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May 28, 2010

Stripe Rust Threat to Wheat Crop Worse Than First Suspected

Wheat attacked by Yellow Stripe Rust
Photo courtesy of USDA ARS
The wheat stripe rust also known as yellow rust (Yr) is causing an epidemic that could cause billions of dollars in crop losses across North Africa, the Middle East and Central Asia.

Key cereal production regions around the world are impacted.  Critically impacted areas include Iran, Iraq, Morocco, Afghanistan, Algeria, Syria and Tunisia.  In Syria, the damages is severe with up to 80 percent of fields suffering from the rust.  According to Maarten Van Ginkel, deputy-director general for research at the International Center for Agricultural Research in Dry Areas (ICARDA), "[t]he situation is severe, some farmers will suffer 30–60 per cent yield loss. In the worst cases, yield loss is 100 per cent."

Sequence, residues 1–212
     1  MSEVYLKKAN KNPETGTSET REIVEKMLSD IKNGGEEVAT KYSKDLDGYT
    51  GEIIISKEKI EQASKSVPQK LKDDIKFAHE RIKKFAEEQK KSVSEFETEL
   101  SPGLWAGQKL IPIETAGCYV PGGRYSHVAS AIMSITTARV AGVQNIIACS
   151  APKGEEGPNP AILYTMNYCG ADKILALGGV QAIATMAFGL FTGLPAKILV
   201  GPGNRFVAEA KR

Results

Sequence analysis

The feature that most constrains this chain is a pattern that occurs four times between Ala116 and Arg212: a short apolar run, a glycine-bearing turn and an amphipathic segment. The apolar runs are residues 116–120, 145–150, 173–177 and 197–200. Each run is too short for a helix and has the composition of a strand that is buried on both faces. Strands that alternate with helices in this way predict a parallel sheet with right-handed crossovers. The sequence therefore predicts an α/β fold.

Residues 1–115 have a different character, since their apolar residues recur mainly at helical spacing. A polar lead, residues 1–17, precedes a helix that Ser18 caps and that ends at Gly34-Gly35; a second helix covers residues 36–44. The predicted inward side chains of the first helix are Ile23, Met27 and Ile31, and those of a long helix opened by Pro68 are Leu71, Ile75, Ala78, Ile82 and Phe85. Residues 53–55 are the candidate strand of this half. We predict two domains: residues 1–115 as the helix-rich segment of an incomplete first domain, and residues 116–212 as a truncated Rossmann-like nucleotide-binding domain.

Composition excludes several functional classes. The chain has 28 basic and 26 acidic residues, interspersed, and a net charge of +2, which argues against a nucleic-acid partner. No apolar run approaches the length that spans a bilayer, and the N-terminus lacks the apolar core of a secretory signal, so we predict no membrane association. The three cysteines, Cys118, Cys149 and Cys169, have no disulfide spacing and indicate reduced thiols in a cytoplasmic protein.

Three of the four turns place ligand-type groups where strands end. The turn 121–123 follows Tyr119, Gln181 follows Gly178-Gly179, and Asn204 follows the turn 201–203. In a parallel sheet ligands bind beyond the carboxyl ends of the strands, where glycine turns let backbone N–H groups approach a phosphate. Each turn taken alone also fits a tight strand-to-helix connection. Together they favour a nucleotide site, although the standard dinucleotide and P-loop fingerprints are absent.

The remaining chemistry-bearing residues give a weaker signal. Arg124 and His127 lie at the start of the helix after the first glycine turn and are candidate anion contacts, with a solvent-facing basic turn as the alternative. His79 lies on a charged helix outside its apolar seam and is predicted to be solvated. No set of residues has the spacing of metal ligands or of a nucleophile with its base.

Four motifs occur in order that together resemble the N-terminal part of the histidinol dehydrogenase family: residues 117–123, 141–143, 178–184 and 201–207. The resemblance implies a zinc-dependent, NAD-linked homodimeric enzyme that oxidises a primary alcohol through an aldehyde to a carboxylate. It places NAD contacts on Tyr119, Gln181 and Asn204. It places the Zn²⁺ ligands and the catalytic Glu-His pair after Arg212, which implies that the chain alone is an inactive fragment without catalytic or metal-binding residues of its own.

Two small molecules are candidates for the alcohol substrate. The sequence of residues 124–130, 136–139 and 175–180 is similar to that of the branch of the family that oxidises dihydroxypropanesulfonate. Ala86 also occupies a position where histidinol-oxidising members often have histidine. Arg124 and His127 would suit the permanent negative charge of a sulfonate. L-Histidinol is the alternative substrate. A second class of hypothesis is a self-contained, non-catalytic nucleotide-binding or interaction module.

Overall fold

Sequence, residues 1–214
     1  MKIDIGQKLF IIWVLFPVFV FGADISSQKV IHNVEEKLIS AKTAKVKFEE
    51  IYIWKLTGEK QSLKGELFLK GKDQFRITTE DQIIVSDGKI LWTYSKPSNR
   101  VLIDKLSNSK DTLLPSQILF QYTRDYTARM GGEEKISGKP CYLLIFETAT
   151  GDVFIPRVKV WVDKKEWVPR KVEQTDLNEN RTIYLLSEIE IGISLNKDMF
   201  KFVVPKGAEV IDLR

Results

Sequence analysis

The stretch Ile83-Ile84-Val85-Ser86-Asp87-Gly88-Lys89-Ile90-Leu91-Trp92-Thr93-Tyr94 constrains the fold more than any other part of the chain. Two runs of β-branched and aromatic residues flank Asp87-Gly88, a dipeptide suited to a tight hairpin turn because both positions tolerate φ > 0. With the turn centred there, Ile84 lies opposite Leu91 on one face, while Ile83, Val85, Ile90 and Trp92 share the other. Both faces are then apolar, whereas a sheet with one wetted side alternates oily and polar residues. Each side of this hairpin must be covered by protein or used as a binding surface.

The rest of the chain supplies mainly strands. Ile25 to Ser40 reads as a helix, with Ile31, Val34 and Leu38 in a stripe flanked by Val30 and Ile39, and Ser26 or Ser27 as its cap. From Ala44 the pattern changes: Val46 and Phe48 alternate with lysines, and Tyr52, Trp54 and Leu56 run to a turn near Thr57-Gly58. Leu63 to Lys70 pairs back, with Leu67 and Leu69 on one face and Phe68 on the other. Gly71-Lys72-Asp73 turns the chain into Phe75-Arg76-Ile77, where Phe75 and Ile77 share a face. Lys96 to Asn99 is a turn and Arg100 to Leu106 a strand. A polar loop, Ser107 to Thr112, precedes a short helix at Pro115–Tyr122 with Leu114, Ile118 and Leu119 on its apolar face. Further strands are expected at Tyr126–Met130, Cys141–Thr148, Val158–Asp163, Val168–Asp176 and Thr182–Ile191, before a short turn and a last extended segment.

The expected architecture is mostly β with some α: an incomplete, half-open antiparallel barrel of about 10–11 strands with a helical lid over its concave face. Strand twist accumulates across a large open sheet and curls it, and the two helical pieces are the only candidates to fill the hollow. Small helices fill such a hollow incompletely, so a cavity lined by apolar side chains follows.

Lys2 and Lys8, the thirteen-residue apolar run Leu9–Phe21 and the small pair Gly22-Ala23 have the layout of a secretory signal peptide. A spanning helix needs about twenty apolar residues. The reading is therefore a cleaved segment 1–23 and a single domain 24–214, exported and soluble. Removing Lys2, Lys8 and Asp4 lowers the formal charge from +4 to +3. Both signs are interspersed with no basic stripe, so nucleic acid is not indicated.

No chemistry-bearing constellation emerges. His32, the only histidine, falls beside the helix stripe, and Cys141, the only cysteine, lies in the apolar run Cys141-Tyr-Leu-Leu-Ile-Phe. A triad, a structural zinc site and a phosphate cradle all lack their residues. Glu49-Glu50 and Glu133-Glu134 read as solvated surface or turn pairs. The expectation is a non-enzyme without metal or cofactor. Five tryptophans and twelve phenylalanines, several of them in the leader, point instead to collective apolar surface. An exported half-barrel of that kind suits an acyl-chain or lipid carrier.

Yellow rust is different from the reddish brown fungus, Ug99, which is a type of stem rust that emerged in East Africa ten years ago.

"Newly developed, resistant varieties of wheat are already available. But national research programmes must accelerate the process of releasing these varieties for cultivation and producing and distributing enough seeds from these varieties."

For more see: Kanj, Safaa.  "Stripe rust threat to wheat worse than predicted," SciDev.Net, 28 May 2010.

About Margaret

CEO and Curator (The Food Museum) | Managing Director and Chief Editor (GR2 Global LLC) | Educator (UCLA PhD) | Researching and writing on global food issues, nutrition and health, sustainability, history (preservation), conservation (natural resources), and design.
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